Sunday, June 9, 2013

Giving Widowed Mothers Back Their Sons

In Year C on the 10th Sunday in Ordinary Time both the 1st Reading from the first Book of Kings and the Gospel passage from Luke chapter 7 give accounts of God restoring dead sons alive to their widowed mothers. While such are not events one can hide under a bushel basket, the overall impact of this great wonder must always take a back seat to what were first and foremost in both instances demonstrations of God's boundless compassion toward these two women very much alone in their sorrow. Giving back the breath of life to their sons was intended firstly to free these women of their anguish. There is no evident further agenda behind God's choice to restore life; here we experience only immediate and boundless love at work.

In neither case would it seem that the women tempted fate by demanding the miracle of life restored to their dead sons; in both cases we see their tears and their pain before God. God's superabundant compassion is at work here. I think it more than fair to say that is the way things work in God's world. I think the only question we as baptized believers need ask ourselves this Sunday is whether our world is God's world. We need but ask, examine our consciences to see if we are living our days in the company of the Lord and Giver of Life. What else could possibly matter?

In German there is an expression "Volkskirche", which describes a popular religiosity centered on the village church or neighborhood parish; it connotes for us Catholics a straightforward practice of the sacraments: Mass on all Sundays and Holy Days, frequent Confession as a preparation for the devout and worthy reception of the Body and Blood of the Lord in Holy Communion, prayer at home and virtuous living consonant with our state in life. Lots of people dismiss the possibility of ever seeing a general revival of "Volkskirche", of what was a positive and supportive environment in which people could happily believe and be Catholic. I'm sorry, but I cannot accept that thesis. They describe a mustard seed type of witness for us without the rapid growth into a big bush or tree offering shelter to every sort of little bird. How can that be? Is not life in the catacombs but a passing trial, a step on the path to a fuller witness to the Gospel?  What else or what more or what better could we strive for in this Year of Faith? Are we not meant to be the city on the mountain top?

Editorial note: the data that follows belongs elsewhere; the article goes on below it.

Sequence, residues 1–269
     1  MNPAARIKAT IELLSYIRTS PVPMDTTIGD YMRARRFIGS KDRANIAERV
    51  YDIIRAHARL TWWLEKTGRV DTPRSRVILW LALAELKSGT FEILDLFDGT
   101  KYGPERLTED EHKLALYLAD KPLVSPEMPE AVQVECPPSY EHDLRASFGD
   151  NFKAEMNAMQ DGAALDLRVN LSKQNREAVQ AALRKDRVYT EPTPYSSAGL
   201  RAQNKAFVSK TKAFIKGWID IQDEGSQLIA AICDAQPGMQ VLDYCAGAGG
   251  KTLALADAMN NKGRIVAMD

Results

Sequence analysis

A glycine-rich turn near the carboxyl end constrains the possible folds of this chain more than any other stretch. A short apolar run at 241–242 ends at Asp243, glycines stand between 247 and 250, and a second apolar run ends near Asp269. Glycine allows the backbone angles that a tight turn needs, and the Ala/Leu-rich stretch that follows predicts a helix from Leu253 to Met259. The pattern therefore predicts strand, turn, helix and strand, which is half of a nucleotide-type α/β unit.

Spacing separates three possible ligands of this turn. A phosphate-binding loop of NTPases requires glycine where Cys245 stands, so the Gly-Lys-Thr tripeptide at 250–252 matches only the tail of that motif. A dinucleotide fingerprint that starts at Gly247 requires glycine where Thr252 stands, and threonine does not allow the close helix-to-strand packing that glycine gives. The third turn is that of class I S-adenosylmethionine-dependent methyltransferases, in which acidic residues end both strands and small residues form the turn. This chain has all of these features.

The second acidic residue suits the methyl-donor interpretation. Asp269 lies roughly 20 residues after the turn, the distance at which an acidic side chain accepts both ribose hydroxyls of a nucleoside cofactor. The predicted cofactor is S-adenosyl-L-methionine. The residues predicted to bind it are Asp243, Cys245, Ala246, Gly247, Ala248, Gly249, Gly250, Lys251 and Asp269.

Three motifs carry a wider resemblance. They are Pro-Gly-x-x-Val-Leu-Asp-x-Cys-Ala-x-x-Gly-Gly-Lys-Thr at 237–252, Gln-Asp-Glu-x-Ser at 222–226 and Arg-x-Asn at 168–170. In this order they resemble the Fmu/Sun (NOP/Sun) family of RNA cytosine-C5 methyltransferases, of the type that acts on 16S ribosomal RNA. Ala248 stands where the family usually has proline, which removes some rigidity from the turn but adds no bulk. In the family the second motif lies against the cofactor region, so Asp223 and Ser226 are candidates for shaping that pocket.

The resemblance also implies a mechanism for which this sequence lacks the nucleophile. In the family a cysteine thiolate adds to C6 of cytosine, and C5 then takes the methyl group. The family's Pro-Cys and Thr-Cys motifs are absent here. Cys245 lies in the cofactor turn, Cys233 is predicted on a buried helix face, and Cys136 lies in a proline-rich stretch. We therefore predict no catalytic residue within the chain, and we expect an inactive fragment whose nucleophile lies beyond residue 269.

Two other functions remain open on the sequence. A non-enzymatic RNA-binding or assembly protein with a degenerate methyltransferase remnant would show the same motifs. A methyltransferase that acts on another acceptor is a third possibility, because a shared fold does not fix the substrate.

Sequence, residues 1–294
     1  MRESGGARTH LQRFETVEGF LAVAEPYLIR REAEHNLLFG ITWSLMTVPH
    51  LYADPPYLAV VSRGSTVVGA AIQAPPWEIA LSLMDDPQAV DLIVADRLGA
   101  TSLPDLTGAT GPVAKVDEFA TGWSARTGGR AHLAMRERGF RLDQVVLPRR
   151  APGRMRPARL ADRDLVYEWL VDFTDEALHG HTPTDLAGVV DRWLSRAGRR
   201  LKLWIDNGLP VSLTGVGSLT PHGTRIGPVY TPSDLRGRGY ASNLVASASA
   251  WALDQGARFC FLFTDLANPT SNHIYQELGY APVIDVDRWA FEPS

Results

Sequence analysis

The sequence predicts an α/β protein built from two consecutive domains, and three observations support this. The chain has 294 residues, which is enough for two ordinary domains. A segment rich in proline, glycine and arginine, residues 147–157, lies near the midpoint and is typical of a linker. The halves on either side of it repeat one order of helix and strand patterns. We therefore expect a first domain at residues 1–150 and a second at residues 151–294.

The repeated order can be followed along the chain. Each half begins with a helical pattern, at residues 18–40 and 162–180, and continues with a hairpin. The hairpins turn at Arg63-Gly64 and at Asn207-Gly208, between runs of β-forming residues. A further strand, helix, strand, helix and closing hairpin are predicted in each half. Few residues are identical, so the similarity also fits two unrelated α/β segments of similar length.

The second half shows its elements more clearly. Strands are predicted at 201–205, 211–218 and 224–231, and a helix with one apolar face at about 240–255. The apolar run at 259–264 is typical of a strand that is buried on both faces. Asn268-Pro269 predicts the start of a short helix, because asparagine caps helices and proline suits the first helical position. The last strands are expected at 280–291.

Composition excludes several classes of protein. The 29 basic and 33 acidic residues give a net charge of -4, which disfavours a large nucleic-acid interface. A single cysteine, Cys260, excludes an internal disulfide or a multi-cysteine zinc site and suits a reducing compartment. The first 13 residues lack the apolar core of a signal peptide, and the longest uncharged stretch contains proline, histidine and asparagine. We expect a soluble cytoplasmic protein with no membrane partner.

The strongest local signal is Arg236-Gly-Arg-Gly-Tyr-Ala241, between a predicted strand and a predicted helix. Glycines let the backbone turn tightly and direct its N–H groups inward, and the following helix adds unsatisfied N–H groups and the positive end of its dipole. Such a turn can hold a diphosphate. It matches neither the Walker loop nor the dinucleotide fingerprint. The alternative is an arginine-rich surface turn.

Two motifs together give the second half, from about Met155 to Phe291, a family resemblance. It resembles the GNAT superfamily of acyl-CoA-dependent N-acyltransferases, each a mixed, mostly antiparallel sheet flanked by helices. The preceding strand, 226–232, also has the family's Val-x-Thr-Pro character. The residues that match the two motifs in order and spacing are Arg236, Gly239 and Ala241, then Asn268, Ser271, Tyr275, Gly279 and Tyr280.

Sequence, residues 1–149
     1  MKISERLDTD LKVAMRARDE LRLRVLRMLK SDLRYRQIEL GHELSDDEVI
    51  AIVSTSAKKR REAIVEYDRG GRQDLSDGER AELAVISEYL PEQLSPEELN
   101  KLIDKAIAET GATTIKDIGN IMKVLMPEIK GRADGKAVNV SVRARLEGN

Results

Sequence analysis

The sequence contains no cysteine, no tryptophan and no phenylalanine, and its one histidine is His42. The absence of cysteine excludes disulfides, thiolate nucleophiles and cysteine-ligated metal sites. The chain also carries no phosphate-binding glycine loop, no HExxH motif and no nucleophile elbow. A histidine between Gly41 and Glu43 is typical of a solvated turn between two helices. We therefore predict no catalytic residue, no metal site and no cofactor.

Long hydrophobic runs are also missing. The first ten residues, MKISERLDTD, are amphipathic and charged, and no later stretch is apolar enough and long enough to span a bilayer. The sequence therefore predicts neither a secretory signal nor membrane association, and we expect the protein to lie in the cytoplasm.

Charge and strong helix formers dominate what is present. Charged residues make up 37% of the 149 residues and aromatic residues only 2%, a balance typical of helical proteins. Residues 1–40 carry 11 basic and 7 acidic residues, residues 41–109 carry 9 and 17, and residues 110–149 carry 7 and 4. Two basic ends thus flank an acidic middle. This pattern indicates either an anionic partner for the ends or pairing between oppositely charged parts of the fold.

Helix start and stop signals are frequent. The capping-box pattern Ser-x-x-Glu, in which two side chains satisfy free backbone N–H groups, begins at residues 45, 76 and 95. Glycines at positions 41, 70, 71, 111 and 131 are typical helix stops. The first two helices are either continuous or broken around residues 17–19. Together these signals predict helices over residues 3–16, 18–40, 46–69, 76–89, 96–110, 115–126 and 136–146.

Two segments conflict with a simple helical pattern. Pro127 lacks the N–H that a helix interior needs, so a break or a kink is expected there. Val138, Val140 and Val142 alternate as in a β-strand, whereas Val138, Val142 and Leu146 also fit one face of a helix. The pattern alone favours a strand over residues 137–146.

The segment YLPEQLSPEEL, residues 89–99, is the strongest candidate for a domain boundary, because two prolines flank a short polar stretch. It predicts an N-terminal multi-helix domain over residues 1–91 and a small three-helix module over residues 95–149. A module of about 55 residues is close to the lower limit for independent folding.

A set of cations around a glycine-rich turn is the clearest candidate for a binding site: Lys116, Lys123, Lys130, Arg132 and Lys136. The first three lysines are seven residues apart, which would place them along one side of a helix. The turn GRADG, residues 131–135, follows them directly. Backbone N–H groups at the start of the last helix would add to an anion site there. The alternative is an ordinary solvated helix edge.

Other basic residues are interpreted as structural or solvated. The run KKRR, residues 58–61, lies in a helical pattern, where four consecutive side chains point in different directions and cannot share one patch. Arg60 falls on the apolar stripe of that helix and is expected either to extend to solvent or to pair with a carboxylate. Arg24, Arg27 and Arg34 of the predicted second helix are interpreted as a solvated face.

I think that "Volkskirche" expresses the ambience within the life of the Church which best reflects the Scriptural world in which the widows could shed their tears in their loneliness before God. How Christ moves to comfort and console is His sovereign choice, we must only not leave the flock untended.


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